domain.
Step 6 show vtp status Verify your entries in the VTP Operating Mode and the VTP Domain Name
fields of the display.
Step 7 copy running-config startup-config (Optional) Save the configuration in the startup configuration file.
Note The VTP password is not saved in the switch startup configuration
file.

When you configure a domain name, it cannot be removed; you can only reassign a switch to a different
domain.
To return the switch to a no-password state, use the no vtp password privileged EXEC command.
This example shows how to use global configuration mode to configure the switch as a VTP server with
the domain name eng_group:
Switch# config terminal
Switch(config)# vtp mode server
Switch(config)# vtp domain eng_group
Switch(config)# end
Switch#

You can also use VLAN configuration mode to configure VTP parameters. Beginning in privileged
EXEC mode, follow these steps to use VLAN configuration mode to configure the switch as a VTP
server:

Command Purpose
Step 1 vlan database Enter VLAN configuration mode.
Step 2 vtp server Configure the switch for VTP server mode (the default).
Step 3 vtp domain domain-name Configure a VTP administrative-domain name. The name can be from 1 to 32
characters. All switches operating in VTP server or client mode under the
same administrative responsibility must be configured with the same domain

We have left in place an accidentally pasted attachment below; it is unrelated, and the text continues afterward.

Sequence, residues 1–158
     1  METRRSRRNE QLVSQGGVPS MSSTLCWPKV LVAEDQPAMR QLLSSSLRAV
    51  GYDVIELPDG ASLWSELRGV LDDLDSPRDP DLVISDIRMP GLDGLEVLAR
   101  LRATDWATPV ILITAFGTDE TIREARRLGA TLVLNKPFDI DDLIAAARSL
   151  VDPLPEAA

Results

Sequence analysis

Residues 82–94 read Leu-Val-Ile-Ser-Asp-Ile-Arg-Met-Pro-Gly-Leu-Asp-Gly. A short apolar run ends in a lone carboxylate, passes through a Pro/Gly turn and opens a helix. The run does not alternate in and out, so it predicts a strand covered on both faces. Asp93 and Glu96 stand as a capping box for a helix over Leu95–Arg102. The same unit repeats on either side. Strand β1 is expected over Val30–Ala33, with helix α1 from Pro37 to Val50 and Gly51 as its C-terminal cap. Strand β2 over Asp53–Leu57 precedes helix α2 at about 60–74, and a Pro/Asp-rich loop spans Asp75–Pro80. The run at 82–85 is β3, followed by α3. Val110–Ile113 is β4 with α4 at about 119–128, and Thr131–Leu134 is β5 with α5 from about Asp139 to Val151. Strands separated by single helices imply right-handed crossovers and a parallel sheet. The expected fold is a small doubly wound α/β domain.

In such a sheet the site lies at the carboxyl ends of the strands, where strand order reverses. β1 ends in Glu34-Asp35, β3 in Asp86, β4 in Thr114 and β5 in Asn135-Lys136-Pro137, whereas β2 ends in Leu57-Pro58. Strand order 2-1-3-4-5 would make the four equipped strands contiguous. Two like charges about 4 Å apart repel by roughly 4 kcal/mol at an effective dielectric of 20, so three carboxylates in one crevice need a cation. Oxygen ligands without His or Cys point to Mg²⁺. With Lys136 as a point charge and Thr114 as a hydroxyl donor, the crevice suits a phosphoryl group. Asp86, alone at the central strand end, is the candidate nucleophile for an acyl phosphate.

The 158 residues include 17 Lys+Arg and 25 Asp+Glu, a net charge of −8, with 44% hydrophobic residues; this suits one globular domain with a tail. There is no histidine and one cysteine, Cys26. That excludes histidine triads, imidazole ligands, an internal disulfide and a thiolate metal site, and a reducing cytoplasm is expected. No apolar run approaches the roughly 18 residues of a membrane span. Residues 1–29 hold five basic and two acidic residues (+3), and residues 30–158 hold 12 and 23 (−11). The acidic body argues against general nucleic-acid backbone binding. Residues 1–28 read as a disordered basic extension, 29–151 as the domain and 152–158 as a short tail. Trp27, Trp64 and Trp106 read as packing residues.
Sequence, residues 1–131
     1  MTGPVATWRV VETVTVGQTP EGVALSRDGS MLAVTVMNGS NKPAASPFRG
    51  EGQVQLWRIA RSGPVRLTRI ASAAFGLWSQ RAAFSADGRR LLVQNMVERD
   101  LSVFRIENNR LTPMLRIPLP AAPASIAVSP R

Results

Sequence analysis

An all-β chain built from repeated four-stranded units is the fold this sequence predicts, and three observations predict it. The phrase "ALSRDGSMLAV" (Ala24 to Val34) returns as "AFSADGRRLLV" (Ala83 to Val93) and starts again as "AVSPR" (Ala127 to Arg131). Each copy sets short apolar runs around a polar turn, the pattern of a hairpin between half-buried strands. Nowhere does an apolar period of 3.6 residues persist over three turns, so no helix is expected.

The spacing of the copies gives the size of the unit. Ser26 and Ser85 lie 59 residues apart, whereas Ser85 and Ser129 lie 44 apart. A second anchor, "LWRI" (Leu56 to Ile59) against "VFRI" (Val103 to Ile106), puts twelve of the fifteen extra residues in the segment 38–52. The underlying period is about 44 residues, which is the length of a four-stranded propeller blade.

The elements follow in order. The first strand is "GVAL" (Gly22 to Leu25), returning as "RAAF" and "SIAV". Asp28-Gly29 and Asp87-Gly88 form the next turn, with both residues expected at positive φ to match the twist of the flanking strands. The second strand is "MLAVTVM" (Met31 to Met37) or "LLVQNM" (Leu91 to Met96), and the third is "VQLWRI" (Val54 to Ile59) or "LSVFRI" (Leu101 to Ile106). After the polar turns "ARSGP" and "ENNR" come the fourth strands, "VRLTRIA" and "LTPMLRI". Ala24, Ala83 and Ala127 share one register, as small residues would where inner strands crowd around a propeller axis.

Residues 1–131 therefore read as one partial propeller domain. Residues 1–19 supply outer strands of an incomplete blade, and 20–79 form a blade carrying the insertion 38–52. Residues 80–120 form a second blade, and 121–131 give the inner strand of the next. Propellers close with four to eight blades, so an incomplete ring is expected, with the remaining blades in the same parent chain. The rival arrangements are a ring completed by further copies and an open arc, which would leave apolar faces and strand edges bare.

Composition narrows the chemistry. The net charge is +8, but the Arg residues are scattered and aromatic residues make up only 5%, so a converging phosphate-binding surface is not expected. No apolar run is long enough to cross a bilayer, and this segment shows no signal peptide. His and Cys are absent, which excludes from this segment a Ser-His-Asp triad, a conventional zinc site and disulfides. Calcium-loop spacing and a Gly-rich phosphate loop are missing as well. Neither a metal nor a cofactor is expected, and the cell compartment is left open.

name.
Step 4 vtp password password (Optional) Set a password for the VTP domain. The password can be from 8
to 64 characters.
If you configure a VTP password, the VTP domain does not function properly
if you do not assign the same password to each switch in the domain.
Step 5 exit Update the VLAN database, propagate it throughout the administrative
domain, and return to privileged EXEC mode.
Step 6 show vtp status Verify your entries in the VTP Operating Mode and the VTP Domain Name
fields of the display.
Step 7 copy running-config (Optional) Save the VTP mode in the startup configuration file.
startup-config

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When you configure a domain name, it cannot be removed; you can only reassign a switch to a different
domain.
To return the switch to a no-password state, use the no vtp password VLAN configuration command.
This example shows how to use VLAN configuration mode to configure the switch as a VTP server with
the domain name eng_group:
Switch# vlan database
Switch(vlan)# vtp server